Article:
While VR may have started out as a novelty and gaming act, all trends currently point to it soon becoming a booming aspect of the enterprise workstation business. In fact, tech adviser Digi-Capital predicts that Virtual Reality will be a $30 billion business by 2020. When you consider a market that size, it’s easy to see why Dell would want to brace for impact. The PC giant unveiled plans last week for three new workstation tower computers that are designed to handle the intensely demanding visuals associated with VR technology. They must be able to run at least 90 frames per second, in each eye, just to keep from making their users seasick. And visuals like that require a lot of horsepower.
The new Precision Tower 5810, 7810 and 7910 desktops will support up to 4TB of SSD storage and 1TB of DDR4 memory, and the lineup even includes a Rack 7910 desktop, which resembles a rack server. They will feature super high-end graphics cards and Intel’s new Xeon E5-2600 v4 chips, which have up to 22 cores. Altogether, the increased performance, graphics and memory will “support an optimal VR experience” for professional users. This means the PCs will be able to do more than simply run VR apps and games; it will be able to help create them. Buyers will have their choice of GPUs, including Quadro M6000, Quadro M5000, GTX 970 or GTX 980 from Nvidia, or FirePro W9100 or Radeon R9-390X from AMD. The towers will undergo several performance tests by Dell to ensure that they work well with head-mounted displays, software vendors and third-party benchmarks. Luckily for Dell, a lot of this knowledge is already available to them in-house through their subsidiary Alienware.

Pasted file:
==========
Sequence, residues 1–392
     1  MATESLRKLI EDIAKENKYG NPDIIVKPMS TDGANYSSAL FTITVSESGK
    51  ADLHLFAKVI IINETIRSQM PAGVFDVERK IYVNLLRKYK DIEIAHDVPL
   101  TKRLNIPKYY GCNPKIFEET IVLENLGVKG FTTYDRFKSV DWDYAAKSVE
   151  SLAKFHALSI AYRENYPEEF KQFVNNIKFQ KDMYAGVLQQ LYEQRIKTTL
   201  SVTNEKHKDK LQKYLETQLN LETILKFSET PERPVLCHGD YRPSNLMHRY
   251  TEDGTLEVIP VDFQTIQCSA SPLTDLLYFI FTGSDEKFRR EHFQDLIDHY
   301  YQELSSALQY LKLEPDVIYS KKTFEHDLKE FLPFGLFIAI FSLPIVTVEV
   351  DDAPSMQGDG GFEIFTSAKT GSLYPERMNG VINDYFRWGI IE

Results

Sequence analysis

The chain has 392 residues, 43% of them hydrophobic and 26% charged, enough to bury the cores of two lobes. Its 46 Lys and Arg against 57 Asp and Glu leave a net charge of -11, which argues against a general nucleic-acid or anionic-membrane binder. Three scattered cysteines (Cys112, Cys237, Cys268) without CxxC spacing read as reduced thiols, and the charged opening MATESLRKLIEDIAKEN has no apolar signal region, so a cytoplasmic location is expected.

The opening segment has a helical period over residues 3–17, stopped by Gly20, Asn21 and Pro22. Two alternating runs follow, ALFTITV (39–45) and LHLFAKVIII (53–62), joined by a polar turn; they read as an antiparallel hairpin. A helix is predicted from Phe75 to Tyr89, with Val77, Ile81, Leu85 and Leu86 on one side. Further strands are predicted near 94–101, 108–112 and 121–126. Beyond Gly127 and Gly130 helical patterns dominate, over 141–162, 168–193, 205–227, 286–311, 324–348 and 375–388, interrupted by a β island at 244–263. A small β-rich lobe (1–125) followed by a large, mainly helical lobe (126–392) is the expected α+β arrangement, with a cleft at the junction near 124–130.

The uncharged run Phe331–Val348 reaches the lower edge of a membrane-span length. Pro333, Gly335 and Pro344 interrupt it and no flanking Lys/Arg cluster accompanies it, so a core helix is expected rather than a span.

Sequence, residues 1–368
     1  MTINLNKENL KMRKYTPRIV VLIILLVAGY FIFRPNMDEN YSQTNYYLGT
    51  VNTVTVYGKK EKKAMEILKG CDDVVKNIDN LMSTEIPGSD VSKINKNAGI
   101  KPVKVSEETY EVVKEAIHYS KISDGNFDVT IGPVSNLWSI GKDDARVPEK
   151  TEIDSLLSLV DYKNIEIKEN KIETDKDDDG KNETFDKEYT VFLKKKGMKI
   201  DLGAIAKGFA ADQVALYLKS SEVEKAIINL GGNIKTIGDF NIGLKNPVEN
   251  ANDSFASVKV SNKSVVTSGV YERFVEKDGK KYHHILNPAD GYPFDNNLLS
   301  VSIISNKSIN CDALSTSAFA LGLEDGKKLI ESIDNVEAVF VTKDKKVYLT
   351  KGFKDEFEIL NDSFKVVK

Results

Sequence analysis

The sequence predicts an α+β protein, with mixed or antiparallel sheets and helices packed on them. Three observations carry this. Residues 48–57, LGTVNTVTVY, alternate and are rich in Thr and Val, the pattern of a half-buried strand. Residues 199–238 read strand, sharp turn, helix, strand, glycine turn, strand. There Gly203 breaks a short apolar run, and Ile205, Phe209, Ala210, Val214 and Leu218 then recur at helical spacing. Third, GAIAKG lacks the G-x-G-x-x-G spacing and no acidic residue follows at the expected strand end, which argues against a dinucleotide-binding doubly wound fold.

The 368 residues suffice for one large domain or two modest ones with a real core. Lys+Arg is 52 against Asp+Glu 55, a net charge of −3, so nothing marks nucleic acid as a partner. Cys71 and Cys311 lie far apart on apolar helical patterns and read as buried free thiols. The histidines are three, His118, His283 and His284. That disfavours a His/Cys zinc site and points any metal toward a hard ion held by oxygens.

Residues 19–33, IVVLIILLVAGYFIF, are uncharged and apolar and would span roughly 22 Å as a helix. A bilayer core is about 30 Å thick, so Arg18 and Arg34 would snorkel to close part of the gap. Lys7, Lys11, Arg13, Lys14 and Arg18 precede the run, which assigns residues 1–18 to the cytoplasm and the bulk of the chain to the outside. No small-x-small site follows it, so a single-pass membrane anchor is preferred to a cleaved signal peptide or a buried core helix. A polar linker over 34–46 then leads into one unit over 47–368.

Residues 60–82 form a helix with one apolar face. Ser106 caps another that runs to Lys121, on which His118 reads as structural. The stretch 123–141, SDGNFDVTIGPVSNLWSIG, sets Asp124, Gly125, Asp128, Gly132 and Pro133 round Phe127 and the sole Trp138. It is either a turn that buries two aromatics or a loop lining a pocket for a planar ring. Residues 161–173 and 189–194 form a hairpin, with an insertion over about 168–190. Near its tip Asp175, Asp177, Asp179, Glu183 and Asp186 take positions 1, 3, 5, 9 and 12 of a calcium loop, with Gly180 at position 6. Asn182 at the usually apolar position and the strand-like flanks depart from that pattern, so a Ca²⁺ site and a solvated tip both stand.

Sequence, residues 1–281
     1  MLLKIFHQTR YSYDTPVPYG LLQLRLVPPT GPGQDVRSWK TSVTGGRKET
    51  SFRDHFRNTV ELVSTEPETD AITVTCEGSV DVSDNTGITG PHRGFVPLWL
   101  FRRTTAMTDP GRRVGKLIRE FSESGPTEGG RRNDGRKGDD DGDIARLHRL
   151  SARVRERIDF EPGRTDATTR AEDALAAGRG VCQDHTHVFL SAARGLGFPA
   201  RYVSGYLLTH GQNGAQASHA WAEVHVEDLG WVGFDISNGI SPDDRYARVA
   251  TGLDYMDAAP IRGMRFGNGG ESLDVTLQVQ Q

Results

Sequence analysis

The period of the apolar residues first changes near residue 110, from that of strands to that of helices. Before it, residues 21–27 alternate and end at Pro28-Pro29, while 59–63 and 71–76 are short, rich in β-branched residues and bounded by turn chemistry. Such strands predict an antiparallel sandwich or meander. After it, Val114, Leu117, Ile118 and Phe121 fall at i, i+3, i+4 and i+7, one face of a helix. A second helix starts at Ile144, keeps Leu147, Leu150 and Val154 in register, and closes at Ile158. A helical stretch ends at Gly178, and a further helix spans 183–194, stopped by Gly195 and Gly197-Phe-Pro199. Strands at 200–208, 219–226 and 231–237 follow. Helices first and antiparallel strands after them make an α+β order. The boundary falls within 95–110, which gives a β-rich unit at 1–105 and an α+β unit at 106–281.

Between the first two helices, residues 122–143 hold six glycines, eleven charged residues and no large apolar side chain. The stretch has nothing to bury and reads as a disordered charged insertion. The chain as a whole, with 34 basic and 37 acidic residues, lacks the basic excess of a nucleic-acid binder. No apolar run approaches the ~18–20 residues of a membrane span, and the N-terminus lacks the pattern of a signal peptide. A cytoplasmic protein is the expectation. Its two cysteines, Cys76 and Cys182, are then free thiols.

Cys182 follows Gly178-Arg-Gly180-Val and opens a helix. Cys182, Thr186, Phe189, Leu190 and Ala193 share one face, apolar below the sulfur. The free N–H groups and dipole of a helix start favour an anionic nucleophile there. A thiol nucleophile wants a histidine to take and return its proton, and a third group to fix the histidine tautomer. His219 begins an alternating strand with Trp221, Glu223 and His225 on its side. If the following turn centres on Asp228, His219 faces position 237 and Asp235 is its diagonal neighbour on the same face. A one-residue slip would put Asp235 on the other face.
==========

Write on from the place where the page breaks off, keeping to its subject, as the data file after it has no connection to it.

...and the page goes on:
The timing of Dell’s move into the world of Virtual Reality in the enterprise couldn’t be any better. The Oculus Rift saw its official launch just last week, while the HTC Vive is slated to arrive sometime early this month. However, while it may be easy to get your hands on a headset, there is still a surprising lack of content available for the new technology. Dell’s hope is that the introduction of the souped-up Precision line will enable and inspire a wider group of game developers, scientists, companies and entrepreneurs to usher in the next generation of Virtual Reality. “This next generation of VR brings immersive visualization to the masses by democratizing the technology," Rahul Tikoo, executive director and general manager of Dell Precision workstations said in a statement. "The implementations are endless, and Precision aims to address the need for more rigor when professional creators demand the utmost in performance and reliability while building incredible VR content." As you probably guessed, the new VR-ready towers will not come cheap – prices range from $1,199 to $2,049 (and possibly even higher depending on configurations).
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